Skin Effects by Dr. Jeffrey Dover At-A-Glance
Strengths: Inexpensive; nice selection of sunscreens with avobenzone, and the Sun Effects subcategory in general; impressive skin-lightening product with retinol; one good cleanser; the Lip Effects kit.
Weaknesses: Some of the sunscreens lack sufficient UVA-protecting ingredients; irritants crop up throughout the line; no AHA or BHA products; no topical disinfectants for acne; jar packaging.
We have now seen so many dermatologists launching their own lines of skin-care products that you'd think university dermatology programs must be offering classes on cosmetic chemistry—but alas, that is not the case. The reality is that most dermatologists who are supposedly formulating skin-care products are ill prepared for this task, and among their ranks and off the record, they are always quite skeptical of the claims they make. Disdain for buying into the actual effectiveness of all these antiwrinkle and anti-aging lotions and potions is often abundantly clear when you interview dermatologists or attend dermatologic seminars or conferences. Or at least that seems to be the case with Dr. Jeffrey Dover, Associate Clinical Professor of Dermatology at the Yale University School of Medicine, who has teamed up with CVS drugstores to exclusively distribute his line of skin-care products, known as Skin Effects (Source: Drugstore News, July 2005, www.drugstorenews.com).
Dr. Dover's background is, without question, stellar. He graduated magna cum laude with an MD degree from the University of Ottawa. He received his dermatology training at the University of Toronto, followed by research fellowships at St. John’s Hospital for Diseases of the Skin at the University of London in London, England, and a two-year photomedicine fellowship at Beth Israel Hospital and Massachusetts General Hospital of Harvard Medical School. He is also Adjunct Professor of Medicine (Dermatology) at Dartmouth Medical School. Even more notable, he has authored or co-authored dozens and dozens of publications, including articles, reviews, and book chapters on such topics as photomedicine, lasers in medicine, cosmetic laser surgery, and medical education. A journal search produced more than 136 studies and papers with Dr. Dover's name affixed, along with a dozen book titles, but not one of these articles or books was on the topic of skin-care ingredients or cosmetic formulations.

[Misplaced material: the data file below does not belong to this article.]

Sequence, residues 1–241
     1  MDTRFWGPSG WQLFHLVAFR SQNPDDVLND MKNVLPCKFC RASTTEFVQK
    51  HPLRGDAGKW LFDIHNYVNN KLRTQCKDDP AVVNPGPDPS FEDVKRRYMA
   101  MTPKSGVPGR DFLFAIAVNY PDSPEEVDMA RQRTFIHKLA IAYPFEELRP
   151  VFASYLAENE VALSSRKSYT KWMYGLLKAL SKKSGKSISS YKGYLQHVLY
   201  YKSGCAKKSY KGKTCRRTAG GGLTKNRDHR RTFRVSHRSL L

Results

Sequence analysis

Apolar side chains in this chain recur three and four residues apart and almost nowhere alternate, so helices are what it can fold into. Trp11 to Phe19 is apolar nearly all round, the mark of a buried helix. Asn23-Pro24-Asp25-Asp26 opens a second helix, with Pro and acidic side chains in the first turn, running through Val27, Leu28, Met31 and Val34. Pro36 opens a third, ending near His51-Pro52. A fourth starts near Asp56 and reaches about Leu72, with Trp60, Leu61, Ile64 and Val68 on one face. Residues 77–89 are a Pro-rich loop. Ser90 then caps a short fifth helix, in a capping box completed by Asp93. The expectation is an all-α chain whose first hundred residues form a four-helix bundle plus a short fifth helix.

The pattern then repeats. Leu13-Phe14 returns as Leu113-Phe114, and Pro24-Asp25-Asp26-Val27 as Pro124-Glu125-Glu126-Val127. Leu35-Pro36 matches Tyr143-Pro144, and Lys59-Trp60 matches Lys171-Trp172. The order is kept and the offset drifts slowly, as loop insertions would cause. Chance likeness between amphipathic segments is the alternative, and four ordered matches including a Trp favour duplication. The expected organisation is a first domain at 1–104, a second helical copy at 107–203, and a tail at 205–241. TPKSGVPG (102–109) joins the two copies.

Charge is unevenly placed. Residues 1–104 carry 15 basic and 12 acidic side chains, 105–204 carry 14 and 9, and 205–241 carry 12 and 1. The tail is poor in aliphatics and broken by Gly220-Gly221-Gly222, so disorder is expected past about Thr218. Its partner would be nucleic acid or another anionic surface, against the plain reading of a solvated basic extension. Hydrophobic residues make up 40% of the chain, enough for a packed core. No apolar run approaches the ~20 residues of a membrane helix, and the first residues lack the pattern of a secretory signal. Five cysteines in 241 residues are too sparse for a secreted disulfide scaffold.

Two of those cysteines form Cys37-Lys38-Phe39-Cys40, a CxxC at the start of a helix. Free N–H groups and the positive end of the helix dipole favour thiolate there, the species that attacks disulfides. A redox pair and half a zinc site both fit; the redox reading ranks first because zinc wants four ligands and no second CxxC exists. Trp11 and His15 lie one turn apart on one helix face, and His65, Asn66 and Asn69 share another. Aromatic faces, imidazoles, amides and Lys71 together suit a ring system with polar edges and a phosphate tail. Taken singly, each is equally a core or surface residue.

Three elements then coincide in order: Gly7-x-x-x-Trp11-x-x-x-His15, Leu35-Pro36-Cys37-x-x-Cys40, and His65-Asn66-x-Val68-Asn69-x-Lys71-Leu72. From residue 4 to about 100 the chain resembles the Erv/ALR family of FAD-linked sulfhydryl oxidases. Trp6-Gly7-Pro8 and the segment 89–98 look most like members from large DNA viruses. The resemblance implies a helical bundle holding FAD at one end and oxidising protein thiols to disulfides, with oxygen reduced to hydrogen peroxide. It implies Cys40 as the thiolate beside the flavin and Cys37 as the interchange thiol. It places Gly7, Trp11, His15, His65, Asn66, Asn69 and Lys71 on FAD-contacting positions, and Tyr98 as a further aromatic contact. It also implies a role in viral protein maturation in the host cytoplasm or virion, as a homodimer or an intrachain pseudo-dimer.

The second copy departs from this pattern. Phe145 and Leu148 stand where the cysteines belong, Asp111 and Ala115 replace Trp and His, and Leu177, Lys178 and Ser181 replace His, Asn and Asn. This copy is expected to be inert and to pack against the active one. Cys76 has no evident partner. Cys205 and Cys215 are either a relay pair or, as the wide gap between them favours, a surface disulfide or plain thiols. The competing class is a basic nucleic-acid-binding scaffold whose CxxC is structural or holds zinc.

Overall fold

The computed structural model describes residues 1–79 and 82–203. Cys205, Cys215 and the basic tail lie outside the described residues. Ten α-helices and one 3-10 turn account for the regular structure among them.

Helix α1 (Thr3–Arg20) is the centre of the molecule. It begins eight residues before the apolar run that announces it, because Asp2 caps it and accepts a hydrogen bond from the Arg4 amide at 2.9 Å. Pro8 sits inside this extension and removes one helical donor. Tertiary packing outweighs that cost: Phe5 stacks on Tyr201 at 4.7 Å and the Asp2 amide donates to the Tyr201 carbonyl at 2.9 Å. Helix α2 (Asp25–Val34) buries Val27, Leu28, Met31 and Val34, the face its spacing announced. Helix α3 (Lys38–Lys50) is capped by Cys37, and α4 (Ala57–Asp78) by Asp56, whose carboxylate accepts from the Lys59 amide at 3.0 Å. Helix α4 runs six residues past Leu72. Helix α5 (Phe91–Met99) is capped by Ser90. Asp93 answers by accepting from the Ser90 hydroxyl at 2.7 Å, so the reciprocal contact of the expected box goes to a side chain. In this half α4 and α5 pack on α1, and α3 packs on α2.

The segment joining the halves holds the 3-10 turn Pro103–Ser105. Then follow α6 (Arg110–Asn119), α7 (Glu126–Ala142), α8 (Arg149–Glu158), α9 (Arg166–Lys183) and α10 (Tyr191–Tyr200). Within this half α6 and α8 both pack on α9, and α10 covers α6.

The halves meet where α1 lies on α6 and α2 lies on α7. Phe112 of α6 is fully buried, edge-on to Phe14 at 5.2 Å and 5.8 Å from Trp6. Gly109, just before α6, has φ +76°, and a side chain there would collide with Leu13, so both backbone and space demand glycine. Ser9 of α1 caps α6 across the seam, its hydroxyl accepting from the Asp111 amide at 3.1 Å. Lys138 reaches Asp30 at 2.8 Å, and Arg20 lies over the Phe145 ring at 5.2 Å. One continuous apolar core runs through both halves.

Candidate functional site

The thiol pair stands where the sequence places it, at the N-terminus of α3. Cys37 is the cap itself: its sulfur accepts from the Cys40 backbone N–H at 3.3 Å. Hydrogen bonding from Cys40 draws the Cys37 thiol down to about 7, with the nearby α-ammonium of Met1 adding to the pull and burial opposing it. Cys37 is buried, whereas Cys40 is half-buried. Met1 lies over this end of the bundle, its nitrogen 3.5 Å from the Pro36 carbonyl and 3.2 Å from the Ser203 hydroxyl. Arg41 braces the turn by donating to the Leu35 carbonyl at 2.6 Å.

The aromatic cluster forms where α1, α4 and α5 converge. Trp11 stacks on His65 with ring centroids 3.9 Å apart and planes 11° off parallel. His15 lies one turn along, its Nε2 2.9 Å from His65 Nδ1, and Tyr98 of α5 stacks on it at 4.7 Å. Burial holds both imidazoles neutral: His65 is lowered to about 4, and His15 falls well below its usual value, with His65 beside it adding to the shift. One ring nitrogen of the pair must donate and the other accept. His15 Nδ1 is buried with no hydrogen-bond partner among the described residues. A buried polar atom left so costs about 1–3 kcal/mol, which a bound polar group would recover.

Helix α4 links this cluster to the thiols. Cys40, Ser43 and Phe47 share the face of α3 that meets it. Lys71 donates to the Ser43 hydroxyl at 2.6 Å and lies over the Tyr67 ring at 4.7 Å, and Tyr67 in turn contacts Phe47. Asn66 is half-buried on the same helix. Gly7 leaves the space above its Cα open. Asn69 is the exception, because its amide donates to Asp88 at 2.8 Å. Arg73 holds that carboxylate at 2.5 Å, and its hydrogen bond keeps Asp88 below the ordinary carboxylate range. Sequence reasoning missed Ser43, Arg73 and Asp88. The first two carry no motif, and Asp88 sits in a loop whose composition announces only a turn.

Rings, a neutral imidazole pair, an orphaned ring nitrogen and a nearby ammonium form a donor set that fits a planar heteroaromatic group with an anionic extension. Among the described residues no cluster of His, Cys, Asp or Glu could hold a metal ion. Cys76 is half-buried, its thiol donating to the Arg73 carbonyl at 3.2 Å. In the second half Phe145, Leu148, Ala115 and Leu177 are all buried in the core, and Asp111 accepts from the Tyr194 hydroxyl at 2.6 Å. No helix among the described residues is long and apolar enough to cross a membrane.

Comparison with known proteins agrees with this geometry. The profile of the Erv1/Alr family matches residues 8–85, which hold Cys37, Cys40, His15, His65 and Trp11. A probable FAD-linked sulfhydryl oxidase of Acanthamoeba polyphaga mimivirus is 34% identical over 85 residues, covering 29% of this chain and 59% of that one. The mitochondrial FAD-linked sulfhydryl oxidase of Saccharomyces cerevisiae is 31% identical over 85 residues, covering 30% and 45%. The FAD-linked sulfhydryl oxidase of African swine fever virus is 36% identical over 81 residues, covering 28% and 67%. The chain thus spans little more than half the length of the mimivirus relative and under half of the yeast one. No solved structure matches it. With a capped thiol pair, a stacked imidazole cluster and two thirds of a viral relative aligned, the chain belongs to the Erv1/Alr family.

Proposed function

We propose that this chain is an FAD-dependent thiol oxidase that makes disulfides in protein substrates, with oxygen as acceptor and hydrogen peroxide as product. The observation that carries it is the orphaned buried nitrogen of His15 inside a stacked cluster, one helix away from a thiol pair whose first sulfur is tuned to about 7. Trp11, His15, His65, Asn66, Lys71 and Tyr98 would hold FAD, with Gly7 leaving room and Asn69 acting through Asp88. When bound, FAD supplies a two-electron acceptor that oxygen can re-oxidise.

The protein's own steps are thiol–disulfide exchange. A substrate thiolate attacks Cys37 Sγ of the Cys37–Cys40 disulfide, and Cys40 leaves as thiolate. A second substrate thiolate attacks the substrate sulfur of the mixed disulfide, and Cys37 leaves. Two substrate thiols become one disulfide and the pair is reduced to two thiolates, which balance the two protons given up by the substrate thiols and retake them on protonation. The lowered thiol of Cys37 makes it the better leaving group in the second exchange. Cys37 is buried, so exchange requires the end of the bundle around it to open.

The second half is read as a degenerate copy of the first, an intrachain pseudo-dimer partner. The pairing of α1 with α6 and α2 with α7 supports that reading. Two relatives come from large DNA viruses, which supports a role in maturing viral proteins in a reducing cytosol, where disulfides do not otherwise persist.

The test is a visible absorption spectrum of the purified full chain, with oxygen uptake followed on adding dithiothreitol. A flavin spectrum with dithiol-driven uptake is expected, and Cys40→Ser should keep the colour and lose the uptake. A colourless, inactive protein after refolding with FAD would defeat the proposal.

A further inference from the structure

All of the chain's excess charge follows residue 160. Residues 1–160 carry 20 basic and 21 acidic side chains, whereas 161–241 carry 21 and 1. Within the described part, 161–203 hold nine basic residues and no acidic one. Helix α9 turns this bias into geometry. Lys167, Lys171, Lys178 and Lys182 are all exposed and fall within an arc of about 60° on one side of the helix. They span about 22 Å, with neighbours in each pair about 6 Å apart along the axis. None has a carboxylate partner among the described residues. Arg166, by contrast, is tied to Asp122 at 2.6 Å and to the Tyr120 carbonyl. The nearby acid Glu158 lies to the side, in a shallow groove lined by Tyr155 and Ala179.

So, can you expect stellar results from Skin Effects? From the company's point of view and according to their slogan "Anti-Aging. Without the Appointment," you can. But there is no appointment we can think of that these products would replace. While we wouldn't count on any of these products to provide anti-aging benefits, you have to give Dr. Dover credit for not pricing his products out of the ballpark. Almost every other dermatologist with a product line has pricing that is more ego-driven than related to what you are actually buying.
As attractive as the pricing and packaging are for this line, however, there is still no excuse for a number of concerns and shortcomings. This doctor should know better. First of all, products in jar packaging won't keep air-sensitive ingredients stable. Other concerns include the lack of sufficient UVA protection in some sunscreens (most of them contain avobenzone, which is good, but the misstep for others is still glaring), products with menthol, and claims that speak of results similar to in-office procedures (most of which Dr. Dover has written about extensively; certainly he must know these products can't begin to compete with those options).
Lastly, almost all of the products contain fragrance or fragrant plant extracts and coloring agents. Regardless of (or perhaps especially because of) Dr. Dover's pedigree, there are far more concerns in this line than there should be, but, as usual, some of the products are thoughtful formulations.
For more information about Skin Effects by Dr. Jeffrey Dover, call (866) 428-7327 or visit www.cvs.com.